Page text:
After seven years absent from the screen, Mel Gibson is back in the thriller Edge of Darkness. Based on the BBC miniseries of the same name that starred Bob Peck, which won a BAFTA Award, the movie and miniseries were both directed by Martin Campbell.
Gibson portrays Thomas Craven, an experienced homicide detective in Boston, whose daughter is murdered. A man in agony, Craven comes to terms with his daughter’s death the only way he knows how, by solving the crime, only to discover there was a lot about her life that he knew nothing about.
Mel Gibson spoke about the movie and his return to the screen last week in Los Angeles.
Have you gotten the acting bug back?
I walked away from it after Signs because I thought I was a bit stale and it wasn’t ringing my bells, so I focused on directing, writing and producing, and then it was time to come back.
I got the acting bug back because I felt like all of a sudden, maybe after all these years, I might have something to offer again, and it coincided with a very good piece of material, a compelling story with good elements attached, and I dug it. If it wasn’t this it would have been something else, but this was the best thing that I saw.
It was an intriguing story. That’s the main thing – if I think it’ll be compelling and entertaining to an audience, I’m on board. It was intrigued by the characters and how they reacted to what was happening to them. At the same time, it’s a very compelling mystery involving issues we’re all uncertain about, and uncertainty is scary to most people.
What grabbed me was how the story sneaks up on you. Graham King (producer) and Martin Campbell (director) are two clever guys who had a clear and smart vision of the movie, and I knew it would be great working with them.
What’s Thomas Craven like?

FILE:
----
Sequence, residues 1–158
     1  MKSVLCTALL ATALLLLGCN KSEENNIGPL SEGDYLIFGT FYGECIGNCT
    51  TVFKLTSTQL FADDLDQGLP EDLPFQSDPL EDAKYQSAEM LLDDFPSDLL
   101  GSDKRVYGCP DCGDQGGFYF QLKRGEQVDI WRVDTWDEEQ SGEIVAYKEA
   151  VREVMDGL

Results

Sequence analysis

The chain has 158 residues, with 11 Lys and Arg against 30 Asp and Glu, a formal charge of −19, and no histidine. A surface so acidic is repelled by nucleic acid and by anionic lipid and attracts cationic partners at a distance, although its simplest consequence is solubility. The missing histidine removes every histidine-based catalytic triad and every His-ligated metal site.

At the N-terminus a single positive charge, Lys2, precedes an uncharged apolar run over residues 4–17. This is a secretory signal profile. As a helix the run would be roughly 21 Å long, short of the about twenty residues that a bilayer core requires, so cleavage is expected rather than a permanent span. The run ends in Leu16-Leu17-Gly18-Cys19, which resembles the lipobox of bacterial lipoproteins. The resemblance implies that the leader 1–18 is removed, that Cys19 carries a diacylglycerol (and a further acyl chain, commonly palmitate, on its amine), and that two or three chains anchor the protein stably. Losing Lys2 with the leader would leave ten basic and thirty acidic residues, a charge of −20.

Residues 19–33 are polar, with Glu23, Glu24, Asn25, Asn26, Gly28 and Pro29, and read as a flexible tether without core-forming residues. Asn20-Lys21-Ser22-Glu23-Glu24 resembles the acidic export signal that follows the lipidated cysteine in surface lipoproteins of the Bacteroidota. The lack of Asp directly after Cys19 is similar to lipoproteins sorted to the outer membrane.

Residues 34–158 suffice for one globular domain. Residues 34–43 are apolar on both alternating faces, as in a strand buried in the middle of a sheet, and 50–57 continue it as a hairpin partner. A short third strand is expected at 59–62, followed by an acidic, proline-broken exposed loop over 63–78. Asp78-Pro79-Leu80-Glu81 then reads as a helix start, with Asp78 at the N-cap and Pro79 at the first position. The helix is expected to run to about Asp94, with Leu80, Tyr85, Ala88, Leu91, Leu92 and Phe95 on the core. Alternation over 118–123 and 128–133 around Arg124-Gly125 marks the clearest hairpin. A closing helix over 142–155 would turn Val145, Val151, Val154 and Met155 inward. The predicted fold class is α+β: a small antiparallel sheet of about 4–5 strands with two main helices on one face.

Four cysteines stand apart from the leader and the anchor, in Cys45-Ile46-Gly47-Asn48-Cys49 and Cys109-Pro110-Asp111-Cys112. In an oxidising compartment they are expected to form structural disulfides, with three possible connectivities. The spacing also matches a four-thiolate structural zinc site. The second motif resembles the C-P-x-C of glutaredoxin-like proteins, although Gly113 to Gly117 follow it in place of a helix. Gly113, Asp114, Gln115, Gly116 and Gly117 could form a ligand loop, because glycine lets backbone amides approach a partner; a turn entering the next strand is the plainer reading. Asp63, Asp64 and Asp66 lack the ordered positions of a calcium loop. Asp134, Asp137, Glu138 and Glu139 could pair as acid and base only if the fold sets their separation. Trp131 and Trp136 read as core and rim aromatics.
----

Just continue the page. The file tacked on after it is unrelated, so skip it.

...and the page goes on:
Craven is very pedestrian, just a guy who’s getting by, day-to-day. He hasn’t been the greatest father but he provided. His journey now is a war of attrition; everything that happens wears away at who he is. The stress, the traumatic experience of losing a child like that, has him just a little unhinged and walking around most of the time in a state of near breakdown. He is close, right at the edge, but he can’t let it crack too much because he’s got a job to do.
Was it hard to act on the screen again?
A little bit, I remember Martin had to tell me to tone it down a couple of times, because you forget levels and stuff. After that it was pretty natural, you don’t do something for thirty years and forget it, and so it felt alright. Someone told me once, go away, do something else, come back and it magically rejuvenates your creative impulses.
Did you watch the original miniseries, because your performance is quite similar to Bob Peck’s?
Interesting, because I watched it back in the eighties avidly, it was some of the best TV I’ve ever seen. British television at that time was great, but I made a point to not watch it because I didn’t want it to be a part of that, but to just try and be truthful, but if you’re saying that my performance was anything like what Bob Peck did I’m flattered, because I think he was amazing.
It was a mystery, a crime thriller, and a political thriller, and it was set in a time in the UK when there was a lot of political unrest. The series reflected its time very well.
How was it doing the action sequences?
The only thing I did with that was I ordered a chiropractor for the day after, because I knew I was going to wake up like road kill, and I did. You don’t bounce back as quick as you used to. It’s not a pleasant experience, but it’s okay as long as it still looks good.
Do you just naturally keep in shape?
I don’t work out much. I try and eat right and exercise a little. I quit smoking, so that’s something in the right direction. There’s no more fun things left, I just don’t do anything fun anymore. (he laughs)
How did you quit smoking?
It was torture. I’m on day nine now so it’s almost over, but the first three days I was like an ax murderer, day four I would come at you with a bat, day five I was dangerous with a lawn mower, but now I’m okay, but it is a hellish habit to break. I first had a cigarette when I was nine-years-old and every single artistic decision I’ve made was with a cigarette, and 45 years after to not have that is crawling the walls, which I did for awhile.
Was there a point when you were taking your vacation from the screen where you considered not coming back?
Yeah, of course. Probably further toward the beginning, and as time went on you think, ‘Maybe I should try that again.’ That’s why I didn’t make some big pronouncement, ‘I’m quitting, I’m retiring.’ I didn’t want to do that, I just thought I’d back away for awhile. I was tired and bored with it. I’ve done that a couple of times. I just walked away and just spent the year not doing it, or just doing something else.
It was just time to come back, I just felt like doing it. I used to love doing it, and if the tarnish is on it and the glow goes off it, you walk away for awhile and when it’s time to come back, you come back.